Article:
Captain Planet doesn’t lie

By By Eric Evans

By Eric Evans

I have 21 paper cuts on my left index finger alone. Nearly a dozen more cuts have been etched into the next finger. How could I enjoy this self-mutilation? I don’t, but I do get paid for it.

For the past two days I have endured the pains of something I had promised myself I would never go near, and now I find that those commitments are heavier than the stacks of paper I have been hired to move. For the first time in my life, I have become a full-time manual laborer, and the benefits of this line of work are aching throughout my whole body. It makes to be a “man at work.” The pay is slightly better, the hours are constant, and sometimes the radio might even get turned on. However, the point I am going to make is not about labor or the workers union, but about recycling.

I work for a company that does its part to recycle-not because it’s the right thing to do, but because it’s cost effective. This doesn’t necessarily apply to everyone living all over the world-the recycling center only gives out a handful of nickels per pound-but we should nonetheless follow the example of small businesses everywhere, like mine.

Every few days or so a large truck will drive in through the small alleyway between the warehouse and the print shop and buy the mounds of cardboard and paper shreds accumulated. This paper is broken down, reformed and then sold back through the constantly circulating process of supply and demand.

Most recycled products are the same quality of that of the virgin product, and sometimes even less expensive. If more paper is recycled then more recycled product will become available, which will later lower costs of the reprocessed paper. Businesses can then order what they need in recycled material for less, use it as effectively as new material, and sell the waste or leftovers back to the refinery. Bottom line: money is saved, effectiveness increased, and the economy is healthy.

Speaking of healthy-have you been outside lately? See those trees that stick out of the ground? Pretty neat, huh? Now imagine brown stumps in place of those green giants. Still like the view? How about putting a big old pile of garbage right next to it?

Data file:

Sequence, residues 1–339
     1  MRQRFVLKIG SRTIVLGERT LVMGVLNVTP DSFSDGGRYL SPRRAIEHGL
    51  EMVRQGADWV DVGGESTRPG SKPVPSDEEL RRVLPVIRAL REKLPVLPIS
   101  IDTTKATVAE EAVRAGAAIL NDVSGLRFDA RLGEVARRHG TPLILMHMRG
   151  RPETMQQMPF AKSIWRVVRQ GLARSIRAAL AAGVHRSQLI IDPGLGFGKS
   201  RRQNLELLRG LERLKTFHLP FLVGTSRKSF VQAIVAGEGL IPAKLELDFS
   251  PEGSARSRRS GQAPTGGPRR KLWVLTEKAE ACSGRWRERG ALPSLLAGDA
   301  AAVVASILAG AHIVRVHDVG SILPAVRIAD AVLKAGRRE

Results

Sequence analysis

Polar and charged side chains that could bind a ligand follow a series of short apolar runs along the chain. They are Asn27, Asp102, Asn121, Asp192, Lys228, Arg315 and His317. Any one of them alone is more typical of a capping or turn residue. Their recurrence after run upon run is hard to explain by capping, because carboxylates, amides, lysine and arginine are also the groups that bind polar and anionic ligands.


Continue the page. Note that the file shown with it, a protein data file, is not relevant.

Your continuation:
To be honest, we probably won’t run out of space for landfills in our lifetimes, and it will take a while for our entire tree supply to be cut down and before the oxygen becomes contaminated beyond tolerance. That doesn’t mean things will stay in supply forever. Imagine if that whole circle of reuse wasn’t used on just paper, but all salvageable materials. It is true that not all things can be recycled 100 percent of the time, but that’s why they say to first reduce, then reuse, then recycle.

Yesterday at work I bought a soda, then refilled the can with water and used it as a cup. Sure, the water was slightly lemon lime, but it worked. Later on I went to toss it into garbage but caught my hand before I could act. I looked at the pile of trash, crushed the green and yellow can, and kept it until I found a recycling bin.

We should not stop there, either.

Ever thought of having kids? Ever wondered what the future will look like for them? Well, I have news for you-the reason the cities on “The Jetsons” were built on poles is humans had nearly destroyed the earth they lived on. Do you want your kids do live through that? Do want to wake from your cryogenic slumber to find your purple mountain’s majesty has turned into a rotten mound of tragedy?

Then do your part! Dig out those empty milk cartons and get your 40 cents for the pile of cans under the sink. Then go the rest of the way and take the initiative to do something for the generations to come.